Dexter Filkins: Super hot button, yes. He's very, very good at staking out of position and pounding the table and saying, "I'm not giving to the liberals in the Northeast."
David: One of the stunning things about this episode is that DeSantis goes to war against a huge company in the state, against Disney.
Dexter Filkins: It's remarkable. He appears not to have suffered for it politically, not yet.
David: Describe the fight and what was the outcome?
Dexter Filkins: They hate it when you say that Don't Say Gay law, but that's how everybody understands it now. I'm going to use that. The legislature passes the law. He signs it. Disney's response initially in Orlando Disney World is tepid. Many employees at Disney World got angry at their CEO and said, "This isn't enough. We hate this." Then the CEO came forward and condemned DeSantis and condemned the law. Then DeSantis basically went after Disney. Disney, since it was built in the late 1960s, basically it governs itself. If there's a fire at Disney World, Disney World put out the fire.
David: They have special accommodations in some ways.
Dexter Filkins: Yes. Very. They govern themselves essentially. They are left alone. DeSantis just took that and threatened to zero out the entire special district for Disney World, which would be an upheaval in that part of the state. Not least among the local governments that suddenly would have to put out the fires in Disney World. Taxes would go up. It would be an upheaval. He threatened to do it and Disney got quiet. Not completely, but DeSantis didn't suffer for it. It's just remarkable. When you talk to ordinary, say ordinary voters or his supporters, that's what they love about him. They would say, any other politician would've caved into Disney, would've backed down and said, "I'm so sorry," and not Ron.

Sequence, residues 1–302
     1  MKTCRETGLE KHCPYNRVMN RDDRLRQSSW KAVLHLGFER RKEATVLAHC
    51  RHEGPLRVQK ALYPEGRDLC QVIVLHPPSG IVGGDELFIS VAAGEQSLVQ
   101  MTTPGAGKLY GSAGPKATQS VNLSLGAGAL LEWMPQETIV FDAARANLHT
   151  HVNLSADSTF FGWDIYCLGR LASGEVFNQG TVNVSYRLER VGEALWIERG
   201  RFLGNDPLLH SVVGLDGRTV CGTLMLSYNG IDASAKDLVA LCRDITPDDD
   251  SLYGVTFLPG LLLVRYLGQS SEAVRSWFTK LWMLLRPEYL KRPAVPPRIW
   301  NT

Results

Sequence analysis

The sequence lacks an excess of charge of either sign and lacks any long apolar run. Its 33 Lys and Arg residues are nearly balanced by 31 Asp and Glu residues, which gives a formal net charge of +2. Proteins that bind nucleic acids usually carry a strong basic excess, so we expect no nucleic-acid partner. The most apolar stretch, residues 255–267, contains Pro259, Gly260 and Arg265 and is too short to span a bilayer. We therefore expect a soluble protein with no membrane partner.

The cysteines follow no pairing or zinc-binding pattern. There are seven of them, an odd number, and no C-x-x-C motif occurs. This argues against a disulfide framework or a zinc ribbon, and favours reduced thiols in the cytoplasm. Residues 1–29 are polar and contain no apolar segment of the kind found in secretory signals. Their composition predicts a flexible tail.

David: What's the purpose of the law in the first place?
Dexter Filkins: I hate to speculate as to his motives, but it made a lot of headlines all across the country. I think just the kind of headlines that he wants to make.
David: Which are what?
Dexter Filkins: Which is when you see him speak, he says, "I'm anti woke. I'm anti elites. I'm against the press. I'm against the pin head politicians in Washington." He can position himself very much as a kind of anti-elitist. He doesn't really need to do all that in Florida to win. He's got that constituency locked up.
David: It's all national politics?
Dexter Filkins: That's what it seems like. I think every person I talked to who knows him says this is a deeply ambitious man. He's had his eyes on the White House since he was in college and every job he had was basically a stepping stone to the next one.
David: You knocked on a lot of doors in the state of Florida in pursuit of a really deep piece on Ron DeSantis. One of the doors you knocked on was on the door of the father of Ron DeSantis. Describe that encounter.
Dexter Filkins: Well, I had just come from the CPAC Conference in Orlando where Ron Junior spoke, pounding the table. I thought--
David: It's the conservative political action committee?
Dexter Filkins: Yes. It's the big gathering. I drove to Dunedin, little town where they still live. I looked up his address. He was there. I pulled over into a McDonald's and changed into a nice, put a white shirt on and long pants. I went with absolutely no expectation of success. I went and knocked on the door.
David: As we learn to do this young reporters many years ago.